Etymology
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game (n.)

c. 1200, from Old English gamen "joy, fun; game, amusement," common Germanic (cognates: Old Frisian game "joy, glee," Old Norse gaman "game, sport; pleasure, amusement," Old Saxon gaman, Old High German gaman "sport, merriment," Danish gamen, Swedish gamman "merriment"), said to be identical with Gothic gaman "participation, communion," from Proto-Germanic *ga- collective prefix + *mann "person," giving a sense of "people together."

The -en was lost perhaps through being mistaken for a suffix. Meaning "contest for success or superiority played according to rules" is first attested c. 1200 (of athletic contests, chess, backgammon). Especially "the sport of hunting, fishing, hawking, or fowling" (c. 1300), thus "wild animals caught for sport" (c. 1300), which is the game in fair game (see under fair (adj.)), also gamey. Meaning "number of points required to win a game" is from 1830. Game plan is 1941, from U.S. football; game show first attested 1961.

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game (adj.1)
"lame," 1787, from north Midlands dialect, of unknown origin, perhaps a variant of gammy (tramps' slang) "bad," or from Old North French gambe "leg" (see gambol (n.)).
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game (adj.2)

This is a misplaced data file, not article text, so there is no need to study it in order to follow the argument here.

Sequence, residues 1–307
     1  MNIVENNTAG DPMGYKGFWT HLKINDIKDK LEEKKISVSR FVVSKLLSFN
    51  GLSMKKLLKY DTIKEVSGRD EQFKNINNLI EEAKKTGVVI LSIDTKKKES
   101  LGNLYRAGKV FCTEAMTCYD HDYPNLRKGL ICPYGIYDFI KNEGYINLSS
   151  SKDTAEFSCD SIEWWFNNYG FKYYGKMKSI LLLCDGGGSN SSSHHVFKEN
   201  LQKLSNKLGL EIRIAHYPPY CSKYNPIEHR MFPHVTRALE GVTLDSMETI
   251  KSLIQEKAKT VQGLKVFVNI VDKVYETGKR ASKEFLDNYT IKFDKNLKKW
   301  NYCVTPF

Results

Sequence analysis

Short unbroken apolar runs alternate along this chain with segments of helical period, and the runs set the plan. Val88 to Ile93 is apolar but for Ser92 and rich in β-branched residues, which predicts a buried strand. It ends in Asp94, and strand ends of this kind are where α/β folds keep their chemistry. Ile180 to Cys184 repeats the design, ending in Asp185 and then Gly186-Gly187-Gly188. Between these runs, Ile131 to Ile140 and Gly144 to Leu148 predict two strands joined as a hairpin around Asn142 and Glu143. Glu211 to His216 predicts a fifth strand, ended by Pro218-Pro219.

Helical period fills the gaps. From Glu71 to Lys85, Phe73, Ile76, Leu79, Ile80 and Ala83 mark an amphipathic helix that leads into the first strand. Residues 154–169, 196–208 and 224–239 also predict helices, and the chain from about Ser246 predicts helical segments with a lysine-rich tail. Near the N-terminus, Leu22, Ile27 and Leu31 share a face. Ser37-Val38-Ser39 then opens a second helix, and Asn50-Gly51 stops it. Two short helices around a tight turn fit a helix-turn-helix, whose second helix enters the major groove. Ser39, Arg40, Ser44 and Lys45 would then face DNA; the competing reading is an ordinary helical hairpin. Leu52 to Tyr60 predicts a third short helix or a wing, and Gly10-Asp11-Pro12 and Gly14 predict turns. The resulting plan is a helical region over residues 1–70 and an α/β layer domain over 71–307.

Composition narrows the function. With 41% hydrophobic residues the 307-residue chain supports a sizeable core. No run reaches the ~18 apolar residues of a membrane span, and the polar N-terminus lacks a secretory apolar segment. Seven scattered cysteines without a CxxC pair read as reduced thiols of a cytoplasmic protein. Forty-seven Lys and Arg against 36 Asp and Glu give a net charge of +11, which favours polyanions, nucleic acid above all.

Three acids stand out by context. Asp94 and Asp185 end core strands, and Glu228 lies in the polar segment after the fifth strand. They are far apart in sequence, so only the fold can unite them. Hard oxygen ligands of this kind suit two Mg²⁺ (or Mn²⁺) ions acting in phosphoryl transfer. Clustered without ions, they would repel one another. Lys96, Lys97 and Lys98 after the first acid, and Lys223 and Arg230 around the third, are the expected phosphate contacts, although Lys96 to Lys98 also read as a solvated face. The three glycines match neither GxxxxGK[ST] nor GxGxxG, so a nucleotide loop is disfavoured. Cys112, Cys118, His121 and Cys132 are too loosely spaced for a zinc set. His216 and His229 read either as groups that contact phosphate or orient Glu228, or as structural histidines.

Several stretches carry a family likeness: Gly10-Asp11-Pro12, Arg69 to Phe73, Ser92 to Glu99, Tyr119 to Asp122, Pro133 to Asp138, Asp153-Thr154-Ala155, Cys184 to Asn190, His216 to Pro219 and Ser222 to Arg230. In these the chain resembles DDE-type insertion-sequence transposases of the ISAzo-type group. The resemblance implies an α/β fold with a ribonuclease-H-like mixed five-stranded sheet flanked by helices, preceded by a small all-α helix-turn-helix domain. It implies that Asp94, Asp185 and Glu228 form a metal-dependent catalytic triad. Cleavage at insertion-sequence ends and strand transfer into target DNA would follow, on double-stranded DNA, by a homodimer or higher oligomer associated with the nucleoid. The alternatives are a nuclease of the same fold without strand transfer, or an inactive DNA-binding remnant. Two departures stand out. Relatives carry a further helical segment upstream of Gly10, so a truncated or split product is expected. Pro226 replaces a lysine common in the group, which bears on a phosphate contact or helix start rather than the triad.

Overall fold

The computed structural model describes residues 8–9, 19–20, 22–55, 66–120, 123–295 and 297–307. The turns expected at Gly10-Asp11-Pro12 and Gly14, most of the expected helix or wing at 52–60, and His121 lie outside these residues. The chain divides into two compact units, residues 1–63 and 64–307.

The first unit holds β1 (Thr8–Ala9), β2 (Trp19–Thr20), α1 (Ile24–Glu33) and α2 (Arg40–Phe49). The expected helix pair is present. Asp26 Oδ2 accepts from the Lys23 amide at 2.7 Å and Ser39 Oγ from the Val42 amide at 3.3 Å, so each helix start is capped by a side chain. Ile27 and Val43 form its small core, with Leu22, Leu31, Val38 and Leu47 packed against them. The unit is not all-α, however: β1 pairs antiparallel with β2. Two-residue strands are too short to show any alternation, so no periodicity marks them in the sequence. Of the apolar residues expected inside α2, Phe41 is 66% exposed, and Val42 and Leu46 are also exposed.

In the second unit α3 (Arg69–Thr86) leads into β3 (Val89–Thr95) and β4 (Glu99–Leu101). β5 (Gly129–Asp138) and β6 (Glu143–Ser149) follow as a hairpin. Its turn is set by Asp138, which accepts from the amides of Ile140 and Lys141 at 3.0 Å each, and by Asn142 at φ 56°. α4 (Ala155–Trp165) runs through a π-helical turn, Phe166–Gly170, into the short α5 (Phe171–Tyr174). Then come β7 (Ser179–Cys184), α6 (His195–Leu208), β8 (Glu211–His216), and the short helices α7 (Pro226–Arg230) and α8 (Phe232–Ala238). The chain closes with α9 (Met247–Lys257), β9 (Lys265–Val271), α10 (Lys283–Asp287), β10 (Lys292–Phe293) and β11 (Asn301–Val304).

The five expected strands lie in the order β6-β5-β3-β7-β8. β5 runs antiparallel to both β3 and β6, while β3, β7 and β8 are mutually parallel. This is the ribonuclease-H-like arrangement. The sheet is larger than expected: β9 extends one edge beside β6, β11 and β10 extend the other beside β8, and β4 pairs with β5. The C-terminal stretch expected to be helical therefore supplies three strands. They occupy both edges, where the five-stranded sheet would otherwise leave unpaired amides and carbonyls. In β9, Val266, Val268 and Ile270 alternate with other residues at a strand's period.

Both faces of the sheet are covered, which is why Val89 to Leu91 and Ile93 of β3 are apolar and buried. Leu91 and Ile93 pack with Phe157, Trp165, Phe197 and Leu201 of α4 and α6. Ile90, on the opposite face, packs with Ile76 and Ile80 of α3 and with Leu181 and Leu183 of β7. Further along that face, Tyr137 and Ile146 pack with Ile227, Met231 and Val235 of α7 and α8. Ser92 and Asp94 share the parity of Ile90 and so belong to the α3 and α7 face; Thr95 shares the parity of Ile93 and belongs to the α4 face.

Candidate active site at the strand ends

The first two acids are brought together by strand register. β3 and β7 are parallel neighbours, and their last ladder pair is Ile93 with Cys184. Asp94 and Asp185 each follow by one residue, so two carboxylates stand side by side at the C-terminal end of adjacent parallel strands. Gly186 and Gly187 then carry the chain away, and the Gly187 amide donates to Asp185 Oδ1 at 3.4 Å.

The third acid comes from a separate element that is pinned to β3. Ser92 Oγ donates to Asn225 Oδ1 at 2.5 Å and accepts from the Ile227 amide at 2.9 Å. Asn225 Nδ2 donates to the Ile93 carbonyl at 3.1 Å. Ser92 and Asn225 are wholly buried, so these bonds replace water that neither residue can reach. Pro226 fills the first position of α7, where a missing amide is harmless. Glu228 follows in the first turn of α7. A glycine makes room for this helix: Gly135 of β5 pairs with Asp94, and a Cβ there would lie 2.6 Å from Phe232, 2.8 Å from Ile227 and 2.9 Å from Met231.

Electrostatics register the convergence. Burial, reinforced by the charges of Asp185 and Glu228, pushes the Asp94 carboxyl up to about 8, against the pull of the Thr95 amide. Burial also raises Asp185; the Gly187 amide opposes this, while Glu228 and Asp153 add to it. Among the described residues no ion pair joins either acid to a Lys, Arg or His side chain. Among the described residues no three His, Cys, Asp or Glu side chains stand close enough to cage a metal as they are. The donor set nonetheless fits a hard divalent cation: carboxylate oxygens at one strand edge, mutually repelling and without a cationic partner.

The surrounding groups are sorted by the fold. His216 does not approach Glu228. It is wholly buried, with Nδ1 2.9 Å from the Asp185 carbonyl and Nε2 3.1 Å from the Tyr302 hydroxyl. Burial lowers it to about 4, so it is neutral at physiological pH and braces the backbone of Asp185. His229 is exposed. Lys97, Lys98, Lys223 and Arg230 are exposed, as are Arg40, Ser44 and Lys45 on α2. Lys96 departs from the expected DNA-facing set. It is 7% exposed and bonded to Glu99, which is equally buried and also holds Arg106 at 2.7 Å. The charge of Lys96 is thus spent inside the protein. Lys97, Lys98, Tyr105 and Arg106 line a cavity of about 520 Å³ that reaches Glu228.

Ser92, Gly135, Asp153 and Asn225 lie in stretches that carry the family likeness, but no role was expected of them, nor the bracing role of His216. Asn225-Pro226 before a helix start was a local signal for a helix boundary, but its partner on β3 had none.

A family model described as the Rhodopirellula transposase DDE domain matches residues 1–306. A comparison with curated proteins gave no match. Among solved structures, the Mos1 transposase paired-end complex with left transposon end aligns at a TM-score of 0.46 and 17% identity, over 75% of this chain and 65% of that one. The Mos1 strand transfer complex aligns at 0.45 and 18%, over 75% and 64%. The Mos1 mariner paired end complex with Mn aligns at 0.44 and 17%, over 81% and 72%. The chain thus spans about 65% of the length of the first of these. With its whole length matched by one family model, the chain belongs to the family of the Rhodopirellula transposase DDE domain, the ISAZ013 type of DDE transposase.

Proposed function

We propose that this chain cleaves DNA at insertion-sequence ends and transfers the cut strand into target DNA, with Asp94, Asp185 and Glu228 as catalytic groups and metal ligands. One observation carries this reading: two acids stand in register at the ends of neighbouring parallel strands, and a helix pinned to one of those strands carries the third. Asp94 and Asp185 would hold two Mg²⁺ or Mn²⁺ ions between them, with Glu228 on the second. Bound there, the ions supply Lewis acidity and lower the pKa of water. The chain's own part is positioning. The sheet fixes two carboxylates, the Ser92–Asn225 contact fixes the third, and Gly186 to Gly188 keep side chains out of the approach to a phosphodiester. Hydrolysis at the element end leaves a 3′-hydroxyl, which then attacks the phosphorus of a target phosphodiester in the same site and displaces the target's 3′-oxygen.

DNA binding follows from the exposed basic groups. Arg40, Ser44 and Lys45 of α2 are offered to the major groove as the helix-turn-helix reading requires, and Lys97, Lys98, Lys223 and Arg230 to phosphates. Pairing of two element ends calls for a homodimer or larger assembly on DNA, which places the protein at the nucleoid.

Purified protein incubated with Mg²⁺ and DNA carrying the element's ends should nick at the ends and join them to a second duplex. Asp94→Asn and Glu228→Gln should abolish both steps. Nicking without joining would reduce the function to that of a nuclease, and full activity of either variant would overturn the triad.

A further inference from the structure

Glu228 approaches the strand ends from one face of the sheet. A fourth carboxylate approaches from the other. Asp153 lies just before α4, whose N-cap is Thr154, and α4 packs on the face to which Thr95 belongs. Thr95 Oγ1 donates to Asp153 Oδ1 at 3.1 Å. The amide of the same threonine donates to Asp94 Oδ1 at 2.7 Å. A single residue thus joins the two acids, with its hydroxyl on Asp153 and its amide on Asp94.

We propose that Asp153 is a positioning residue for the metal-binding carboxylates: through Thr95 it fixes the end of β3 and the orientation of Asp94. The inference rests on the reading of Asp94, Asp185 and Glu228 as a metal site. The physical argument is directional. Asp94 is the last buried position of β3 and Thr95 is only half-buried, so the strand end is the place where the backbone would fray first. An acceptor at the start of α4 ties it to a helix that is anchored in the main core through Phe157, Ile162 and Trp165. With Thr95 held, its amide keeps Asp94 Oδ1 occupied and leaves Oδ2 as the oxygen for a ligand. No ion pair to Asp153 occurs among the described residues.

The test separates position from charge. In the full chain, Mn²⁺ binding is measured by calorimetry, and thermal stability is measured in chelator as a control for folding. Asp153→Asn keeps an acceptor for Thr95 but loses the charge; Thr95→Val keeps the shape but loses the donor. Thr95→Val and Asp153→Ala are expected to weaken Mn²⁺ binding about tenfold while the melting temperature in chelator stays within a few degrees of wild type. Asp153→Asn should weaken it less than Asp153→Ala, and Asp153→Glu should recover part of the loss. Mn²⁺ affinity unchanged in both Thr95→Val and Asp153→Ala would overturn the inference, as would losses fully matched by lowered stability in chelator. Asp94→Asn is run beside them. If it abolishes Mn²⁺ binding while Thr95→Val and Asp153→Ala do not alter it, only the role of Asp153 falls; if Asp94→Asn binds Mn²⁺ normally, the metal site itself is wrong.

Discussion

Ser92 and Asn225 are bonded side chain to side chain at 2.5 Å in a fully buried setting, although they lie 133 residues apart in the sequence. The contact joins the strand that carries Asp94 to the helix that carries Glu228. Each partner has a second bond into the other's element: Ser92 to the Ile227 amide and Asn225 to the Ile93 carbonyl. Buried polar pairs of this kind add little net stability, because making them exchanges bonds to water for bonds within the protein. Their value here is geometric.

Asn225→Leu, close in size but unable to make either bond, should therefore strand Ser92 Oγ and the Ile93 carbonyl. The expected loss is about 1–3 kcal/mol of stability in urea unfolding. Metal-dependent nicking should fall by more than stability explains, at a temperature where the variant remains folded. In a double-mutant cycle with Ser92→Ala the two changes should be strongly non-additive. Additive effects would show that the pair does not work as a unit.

"ready for action, unafraid, and up to the task;" probably literally "spirited as a game-cock," 1725, from game-cock "bird bred for fighting" (1670s), from game (n.) in the "sport, amusement" sense. Middle English adjectives gamesome, gamelich meant "joyful, playful, sportive."
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game (v.)
Middle English gamen "to sport, joke, jest," from Old English gamenian "to play, jest, joke;" see game (n.). The Middle English word is little recorded from c. 1400 and modern use for "to play at games" (1520s) probably is a new formation from the noun; and it might have been re-re-coined late 20c. in reference to computer games. Related: Gamed; gaming.
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game-cock 
cock bred for fighting or from fighting stock, 1670s, from game (n.) in the sporting and amusement sense + cock (n.1). Figurative use by 1727.
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board-game (n.)
also boardgame, 1867, from board (n.1) + game (n.). Compare German Brettspiel.
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ballgame (n.)
also ball-game, 1848, from ball (n.1) + game (n.).
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gamey (adj.)
also gamy, 1844, "spirited, plucky," from game (n.) + -y (2). Meaning "tasting or smelling strongly" is from 1863.
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gamekeeper (n.)
one who has responsibility for animals kept for sport, 1660s, from game (n.) in the "wild animal caught for sport" sense + keeper.
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gamely (adv.)
"courageously," 1861, from game (adj.2) + -ly (2). In Old English and Middle English the adverb meant "artfully; joyfully."
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